Ottawa eyes role in Syria conflict

Flush from its part in NATO’s bloody intervention in Libya to impose a pro-western government there, Canada‘s Defence Minister Peter MacKay said Ottawa will not rule out military action in Syria. Speaking to the International Security Forum in Halifax on November 20, MacKay postured as the defender of democratic forces suffering repression at the hands of the Syrian regime of President Bashar Assad.

But taken together with Foreign Affairs Minister John Baird’s bellicose threat to take “necessary action” against Iran, amid media speculation about a possible pre-emptive Israeli-American strike at Iran‘s nuclear power facilities, MacKay’s words help to form a different picture.

It is the picture of expanding imperial intervention — designed to blunt and re-shape uprisings across the Arab world. It is the image of western powers seeking geo-political control over the world’s foremost oil patch.

The business media call it “sabre-rattling”. But such noises have led to bombing and military occupation. In 1999, CF-18s flew 684 combat sorties against Yugoslav forces, roughly 10 per cent of the NATO effort to make the Balkans safe for the restoration of private enterprise. More recently, in Libya, Ottawa flew 942 of NATO’s 9,600 strike missions, resulting in thousands of civilian casualties. Between those forays was the 2001 invasion of Afghanistan, where over 900 Canadian soldiers continue to occupy, to kill, and to die.

Canada will keep war-ships in the Mediterranean Sea until the end of 2012, MacKay said. It deployed the frigate HMCS Vancouver as part of NATO’s Libya intervention. After early 2012, HMCS Charlottetown will continue so-called ‘anti-terrorism’ duties.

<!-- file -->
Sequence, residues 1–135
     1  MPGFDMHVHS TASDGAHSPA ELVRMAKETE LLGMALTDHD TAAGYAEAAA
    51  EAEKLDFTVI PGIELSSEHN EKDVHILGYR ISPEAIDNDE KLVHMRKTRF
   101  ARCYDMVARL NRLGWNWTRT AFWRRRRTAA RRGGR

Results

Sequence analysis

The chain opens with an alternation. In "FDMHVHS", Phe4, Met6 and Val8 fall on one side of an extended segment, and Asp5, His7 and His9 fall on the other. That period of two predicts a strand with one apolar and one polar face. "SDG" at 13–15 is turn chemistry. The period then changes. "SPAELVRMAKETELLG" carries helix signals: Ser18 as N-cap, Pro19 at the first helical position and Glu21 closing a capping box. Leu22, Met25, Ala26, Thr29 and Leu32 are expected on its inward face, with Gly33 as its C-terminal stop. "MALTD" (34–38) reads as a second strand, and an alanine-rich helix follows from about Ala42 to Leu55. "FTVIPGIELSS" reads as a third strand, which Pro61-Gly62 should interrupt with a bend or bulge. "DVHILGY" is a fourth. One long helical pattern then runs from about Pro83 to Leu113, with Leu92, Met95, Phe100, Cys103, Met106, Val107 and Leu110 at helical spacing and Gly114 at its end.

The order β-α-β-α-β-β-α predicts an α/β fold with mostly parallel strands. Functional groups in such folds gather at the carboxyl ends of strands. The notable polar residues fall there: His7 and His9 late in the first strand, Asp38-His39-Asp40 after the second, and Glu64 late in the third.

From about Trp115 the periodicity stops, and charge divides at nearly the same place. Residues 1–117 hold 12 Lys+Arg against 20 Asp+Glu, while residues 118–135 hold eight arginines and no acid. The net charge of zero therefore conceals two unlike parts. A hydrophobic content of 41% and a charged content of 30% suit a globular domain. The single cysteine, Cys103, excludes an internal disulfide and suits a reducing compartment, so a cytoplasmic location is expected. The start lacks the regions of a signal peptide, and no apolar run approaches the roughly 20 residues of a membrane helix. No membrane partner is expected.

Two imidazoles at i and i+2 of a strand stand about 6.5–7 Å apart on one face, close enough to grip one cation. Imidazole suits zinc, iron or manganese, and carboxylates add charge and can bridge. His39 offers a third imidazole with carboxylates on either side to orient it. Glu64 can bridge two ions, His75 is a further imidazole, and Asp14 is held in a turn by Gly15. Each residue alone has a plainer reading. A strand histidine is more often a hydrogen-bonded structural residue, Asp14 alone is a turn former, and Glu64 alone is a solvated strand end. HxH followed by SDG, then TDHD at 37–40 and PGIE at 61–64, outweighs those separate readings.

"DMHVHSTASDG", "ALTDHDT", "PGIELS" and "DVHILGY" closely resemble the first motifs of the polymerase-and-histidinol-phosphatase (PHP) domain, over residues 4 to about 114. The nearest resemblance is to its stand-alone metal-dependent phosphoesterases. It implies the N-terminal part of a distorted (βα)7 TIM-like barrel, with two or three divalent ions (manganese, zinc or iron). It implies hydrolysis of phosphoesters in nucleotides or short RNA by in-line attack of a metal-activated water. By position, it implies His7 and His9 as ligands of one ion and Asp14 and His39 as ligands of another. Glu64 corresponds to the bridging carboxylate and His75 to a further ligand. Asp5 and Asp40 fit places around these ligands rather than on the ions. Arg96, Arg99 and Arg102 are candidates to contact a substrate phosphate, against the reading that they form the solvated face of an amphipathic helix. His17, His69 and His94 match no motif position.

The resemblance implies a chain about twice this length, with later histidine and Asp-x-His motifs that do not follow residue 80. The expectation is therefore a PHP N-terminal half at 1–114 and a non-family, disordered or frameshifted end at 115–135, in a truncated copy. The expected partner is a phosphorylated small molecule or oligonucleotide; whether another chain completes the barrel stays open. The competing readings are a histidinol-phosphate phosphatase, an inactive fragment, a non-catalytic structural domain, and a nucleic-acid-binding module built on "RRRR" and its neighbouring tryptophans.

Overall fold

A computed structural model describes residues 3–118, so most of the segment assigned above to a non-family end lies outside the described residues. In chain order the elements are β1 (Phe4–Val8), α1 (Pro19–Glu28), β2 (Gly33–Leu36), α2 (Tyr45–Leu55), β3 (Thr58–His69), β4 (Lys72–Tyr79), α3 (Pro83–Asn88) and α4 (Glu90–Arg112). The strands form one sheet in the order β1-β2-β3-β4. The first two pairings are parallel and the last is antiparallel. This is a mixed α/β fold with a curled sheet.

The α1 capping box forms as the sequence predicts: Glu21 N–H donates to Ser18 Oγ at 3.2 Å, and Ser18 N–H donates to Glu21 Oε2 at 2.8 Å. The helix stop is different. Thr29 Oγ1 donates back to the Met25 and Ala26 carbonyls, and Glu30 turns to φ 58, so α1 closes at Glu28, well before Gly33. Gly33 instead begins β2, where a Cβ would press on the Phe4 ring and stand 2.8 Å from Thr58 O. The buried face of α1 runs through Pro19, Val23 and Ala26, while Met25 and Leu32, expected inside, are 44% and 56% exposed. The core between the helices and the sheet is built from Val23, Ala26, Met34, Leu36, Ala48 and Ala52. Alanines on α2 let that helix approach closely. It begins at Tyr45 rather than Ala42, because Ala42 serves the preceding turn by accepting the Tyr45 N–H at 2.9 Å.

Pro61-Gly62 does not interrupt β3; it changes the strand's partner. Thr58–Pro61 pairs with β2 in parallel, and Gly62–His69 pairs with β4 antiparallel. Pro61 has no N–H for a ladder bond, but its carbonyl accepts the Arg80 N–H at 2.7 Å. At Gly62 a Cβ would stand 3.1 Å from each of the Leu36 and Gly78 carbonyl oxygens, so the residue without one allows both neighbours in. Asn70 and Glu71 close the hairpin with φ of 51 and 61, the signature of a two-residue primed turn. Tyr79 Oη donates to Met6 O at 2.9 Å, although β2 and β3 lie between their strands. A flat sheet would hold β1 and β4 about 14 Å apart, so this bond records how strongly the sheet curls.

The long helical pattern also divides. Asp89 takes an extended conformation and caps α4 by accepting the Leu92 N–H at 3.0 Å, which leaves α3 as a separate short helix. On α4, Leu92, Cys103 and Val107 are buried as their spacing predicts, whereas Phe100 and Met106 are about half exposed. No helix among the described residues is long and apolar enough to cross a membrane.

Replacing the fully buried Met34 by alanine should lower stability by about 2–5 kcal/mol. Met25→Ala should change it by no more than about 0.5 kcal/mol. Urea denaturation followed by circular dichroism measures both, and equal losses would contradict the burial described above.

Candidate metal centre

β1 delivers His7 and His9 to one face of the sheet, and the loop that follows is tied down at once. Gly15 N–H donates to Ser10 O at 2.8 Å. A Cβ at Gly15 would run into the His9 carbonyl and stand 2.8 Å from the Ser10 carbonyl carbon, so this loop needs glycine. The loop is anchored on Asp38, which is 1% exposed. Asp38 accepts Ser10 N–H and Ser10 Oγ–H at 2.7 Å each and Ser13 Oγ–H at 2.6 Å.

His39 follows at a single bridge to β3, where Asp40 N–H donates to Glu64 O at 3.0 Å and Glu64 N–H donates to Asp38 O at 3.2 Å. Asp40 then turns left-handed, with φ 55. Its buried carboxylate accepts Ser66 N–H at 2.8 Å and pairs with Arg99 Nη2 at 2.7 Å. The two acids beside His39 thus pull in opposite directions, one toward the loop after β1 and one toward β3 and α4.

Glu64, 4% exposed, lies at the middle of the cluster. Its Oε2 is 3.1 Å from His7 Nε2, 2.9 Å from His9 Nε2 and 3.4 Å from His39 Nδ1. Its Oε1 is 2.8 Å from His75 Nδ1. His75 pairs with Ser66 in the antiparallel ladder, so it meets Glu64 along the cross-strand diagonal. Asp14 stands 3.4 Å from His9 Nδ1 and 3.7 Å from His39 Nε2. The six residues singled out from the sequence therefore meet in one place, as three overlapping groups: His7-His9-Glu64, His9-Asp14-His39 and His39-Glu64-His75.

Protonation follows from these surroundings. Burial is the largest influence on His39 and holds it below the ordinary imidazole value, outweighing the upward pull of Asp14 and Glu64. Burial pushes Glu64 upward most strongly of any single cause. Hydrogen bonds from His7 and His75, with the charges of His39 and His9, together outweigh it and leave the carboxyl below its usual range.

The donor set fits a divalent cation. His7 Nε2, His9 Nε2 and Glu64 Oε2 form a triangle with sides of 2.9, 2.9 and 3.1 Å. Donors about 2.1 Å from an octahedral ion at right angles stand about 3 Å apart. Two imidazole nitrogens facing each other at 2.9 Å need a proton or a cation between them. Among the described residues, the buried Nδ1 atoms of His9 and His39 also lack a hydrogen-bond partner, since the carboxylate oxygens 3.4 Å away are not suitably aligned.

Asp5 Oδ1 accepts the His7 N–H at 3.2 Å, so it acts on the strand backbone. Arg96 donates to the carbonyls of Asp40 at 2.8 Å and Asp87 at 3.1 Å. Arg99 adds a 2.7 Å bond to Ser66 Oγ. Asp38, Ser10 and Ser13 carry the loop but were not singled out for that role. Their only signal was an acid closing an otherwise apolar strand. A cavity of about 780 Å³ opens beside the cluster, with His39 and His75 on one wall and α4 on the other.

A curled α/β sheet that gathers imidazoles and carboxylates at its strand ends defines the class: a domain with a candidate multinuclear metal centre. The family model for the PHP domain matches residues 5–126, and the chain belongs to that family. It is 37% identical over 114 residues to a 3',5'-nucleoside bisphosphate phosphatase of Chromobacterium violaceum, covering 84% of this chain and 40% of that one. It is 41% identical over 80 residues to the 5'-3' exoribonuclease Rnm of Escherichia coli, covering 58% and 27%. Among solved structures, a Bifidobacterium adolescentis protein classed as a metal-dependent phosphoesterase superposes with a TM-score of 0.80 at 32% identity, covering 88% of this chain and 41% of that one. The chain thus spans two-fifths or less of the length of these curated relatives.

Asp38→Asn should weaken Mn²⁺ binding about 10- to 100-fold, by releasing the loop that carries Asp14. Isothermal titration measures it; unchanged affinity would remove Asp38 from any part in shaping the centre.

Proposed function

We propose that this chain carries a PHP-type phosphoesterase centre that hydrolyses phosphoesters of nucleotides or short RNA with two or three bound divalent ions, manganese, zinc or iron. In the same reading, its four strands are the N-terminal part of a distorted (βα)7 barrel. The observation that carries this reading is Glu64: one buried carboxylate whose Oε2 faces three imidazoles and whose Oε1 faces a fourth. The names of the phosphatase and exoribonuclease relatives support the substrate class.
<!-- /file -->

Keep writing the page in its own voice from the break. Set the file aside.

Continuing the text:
Certainly, former and present dictators, like Gadaffi and Assad, committed high crimes against workers and farmers, women and youths. But those dictators were in the good books of the western powers when they imprisoned leftists and smashed unions, as are Washington and Ottawa‘s current allies ruling Saudi Arabia.

But imperialism is always on the prowl for more compliant regimes – ones that would be eager to dismantle state enterprises and public services; ones that would happily sign ‘free trade’ agreements with the vultures of Wall Street, Bay Street and the City of London.

The task of deposing dictators is the task of the people suffering under them. The job of working people and progressive folks living in the rich countries is to stay the hand of foreign intervention, to disarm the war makers, and to demonstrate solidarity with those who fight for freedom and social justice. The famous advice of Karl Marx to the English working class on the Irish question bears repeating: No nation that oppresses another can itself be free.

It is a message that must be driven home in the unions and the labour-based New Democratic Party to avoid another debacle, as when NDP MP s voted in 2011 to support the bombing of Libya. The Syrian and Iranian test cases are coming soon. Canada, hands off!

> The article above was written by Barry Weisleder.